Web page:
The same type of logic applies to retirement planning and the MRI. We are simply using something many people, especially those closer to retirement, have either experienced themselves or gone through with someone else. This helps to create a bond that shifts the focus away from the dollars and cents of retirement and allows you to learn more about your clients (fears and experiences) and the same goes for them with you.

I want to underscore that last point because as I have worked with and trained a number of successful advisors, one of the key ingredients to their success was their close relationships with clients. For them it was very commonplace for clients to become close friends simply because they took the relationship outside of the money conversations and started meeting them somewhere other than the office. Therefore, advisors who want to be ahead of the curve need to start finding more ways to open up new conversations about life after work that address more than money fears.

My suggestion then is for advisors to take some time to reflect on some funny, scary, weird and even very common situations that provided a valuable life lesson. By taking the time to not only write them down but also to begin to consider how they can help people in other areas of life, like their retirement, you will be one step ahead of helping clients make a better transition.

Most people are familiar with the famous quote from the movie Forrest Gump, “Life is like a box of chocolates, you never know what you’re going to get,” and so what would be some fun or interesting ways to spin that towards retirement? “Life in retirement is like an MRI; if you aren’t prepared for what’s involved, you’ll likely need to be sedated.”

While I don’t quite think that’s as catchy of a quote, I hope that you can see that you can have fun with this non-financial side of retirement planning. It doesn’t have to be hard or overwhelming, and you don’t need to rebrand your entire firm. Just be you and start sharing more of your personal experience and wisdom with clients.

Another thing advisors can do is be proactive on helping clients plan for the non-financial aspects of retirement. In the case of my MRI, it would have been helpful for the technician to say, “Hey before I send you in there, many of my clients prefer to put something over their eyes and to listen to some music.” But she did, and I didn’t know to ask, so I learned it the hard way.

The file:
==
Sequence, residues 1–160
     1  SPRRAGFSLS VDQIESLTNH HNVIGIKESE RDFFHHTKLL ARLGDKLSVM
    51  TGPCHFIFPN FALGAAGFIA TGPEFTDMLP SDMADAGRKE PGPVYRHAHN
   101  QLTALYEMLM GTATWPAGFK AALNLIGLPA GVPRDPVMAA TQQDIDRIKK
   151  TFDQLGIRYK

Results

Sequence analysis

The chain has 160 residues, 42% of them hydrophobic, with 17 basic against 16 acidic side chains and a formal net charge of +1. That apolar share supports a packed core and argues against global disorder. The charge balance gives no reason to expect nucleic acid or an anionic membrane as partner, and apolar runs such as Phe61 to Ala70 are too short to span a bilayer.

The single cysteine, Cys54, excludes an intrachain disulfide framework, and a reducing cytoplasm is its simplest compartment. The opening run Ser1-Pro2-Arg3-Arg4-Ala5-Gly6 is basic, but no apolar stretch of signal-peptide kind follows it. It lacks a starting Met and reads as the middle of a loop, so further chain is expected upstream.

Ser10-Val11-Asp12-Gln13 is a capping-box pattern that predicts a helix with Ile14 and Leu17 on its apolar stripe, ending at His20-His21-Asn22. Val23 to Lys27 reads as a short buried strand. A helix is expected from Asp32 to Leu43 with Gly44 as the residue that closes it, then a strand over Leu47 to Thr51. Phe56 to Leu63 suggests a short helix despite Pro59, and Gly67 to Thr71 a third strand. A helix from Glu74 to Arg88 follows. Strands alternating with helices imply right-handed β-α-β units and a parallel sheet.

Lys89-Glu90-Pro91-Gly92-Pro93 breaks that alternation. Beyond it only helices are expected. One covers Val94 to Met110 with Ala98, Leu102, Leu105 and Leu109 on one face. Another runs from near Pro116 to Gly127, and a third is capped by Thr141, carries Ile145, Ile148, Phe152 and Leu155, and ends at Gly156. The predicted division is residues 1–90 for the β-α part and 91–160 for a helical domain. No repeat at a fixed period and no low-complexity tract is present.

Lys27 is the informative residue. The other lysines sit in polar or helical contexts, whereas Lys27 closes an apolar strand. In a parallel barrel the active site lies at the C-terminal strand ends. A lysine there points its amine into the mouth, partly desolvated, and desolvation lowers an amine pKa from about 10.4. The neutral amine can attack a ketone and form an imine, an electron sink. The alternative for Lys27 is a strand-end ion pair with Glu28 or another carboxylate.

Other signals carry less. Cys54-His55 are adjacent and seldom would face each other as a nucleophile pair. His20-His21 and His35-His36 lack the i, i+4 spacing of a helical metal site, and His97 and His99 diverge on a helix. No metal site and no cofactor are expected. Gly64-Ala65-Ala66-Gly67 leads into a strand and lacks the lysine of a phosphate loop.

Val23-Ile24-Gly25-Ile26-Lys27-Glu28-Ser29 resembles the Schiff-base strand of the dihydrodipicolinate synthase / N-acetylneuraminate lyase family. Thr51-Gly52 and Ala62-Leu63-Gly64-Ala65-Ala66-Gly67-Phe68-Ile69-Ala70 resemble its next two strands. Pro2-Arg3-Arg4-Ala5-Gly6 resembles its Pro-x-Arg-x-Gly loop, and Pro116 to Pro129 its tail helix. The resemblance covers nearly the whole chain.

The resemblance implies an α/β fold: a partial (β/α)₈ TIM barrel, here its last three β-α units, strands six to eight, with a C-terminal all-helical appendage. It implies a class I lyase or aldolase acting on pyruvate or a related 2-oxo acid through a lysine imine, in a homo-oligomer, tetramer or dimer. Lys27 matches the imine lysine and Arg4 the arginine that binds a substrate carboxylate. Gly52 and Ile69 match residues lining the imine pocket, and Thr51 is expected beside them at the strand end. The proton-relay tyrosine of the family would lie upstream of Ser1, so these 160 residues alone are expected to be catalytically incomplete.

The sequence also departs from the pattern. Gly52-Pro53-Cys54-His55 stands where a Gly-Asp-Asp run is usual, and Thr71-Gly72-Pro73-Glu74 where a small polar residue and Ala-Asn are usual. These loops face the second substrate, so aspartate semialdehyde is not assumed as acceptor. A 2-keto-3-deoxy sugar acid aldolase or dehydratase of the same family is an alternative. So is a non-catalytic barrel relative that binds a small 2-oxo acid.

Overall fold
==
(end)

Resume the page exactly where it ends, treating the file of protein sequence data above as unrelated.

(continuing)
Which reminds me how we often send people into retirement. “Yes, we ran your numbers and everything looks good, so let me just slip you into this tiny tube of life after work and let’s see how you do. While they may not feel claustrophobic at first, it can happen over time, and social interactions go down, as they feel less relevant, aren’t eating healthy or exercising like they thought they would or feel like they are a bother or burden to a spouse.

At least with an MRI scan you can click the button and get out, but for many struggling in retirement, they suffer in silence for years, trying to figure it out on their own. They don’t know who to turn to or talk to, but it should be you or someone in your firm trained as a Retirement Coach who can play a role in making sure they have both a financial plan to replace their paycheck as well as one to replace the mental, social and physical aspects they lose in the transition. 

Now more than ever, advisors need to realize retirement planning fears and concerns go well beyond financial and insurance related concerns. We are entering a new era where the narrative is much more about helping clients understand and prepare for everyday life in retirement, including fears about mental, physical and social well-being.

While advisors can’t install an MRI machine in their office to give clients a glimpse as to what life in retirement may look and feel like if they aren’t prepared, they can use their personal experience and knowledge to proactively educate them so when they enter retirement, they aren’t traumatized by it or need sedation to get through it.          

Robert Laura is a best-selling author, nationally syndicated columnist, and president of Wealth & Wellness Group. He is a seasoned conference speaker, corporate trainer and pioneer in “The New Era Of Retirement,” which focuses on the non-financial aspects of life after work. He can be reached at [email protected].

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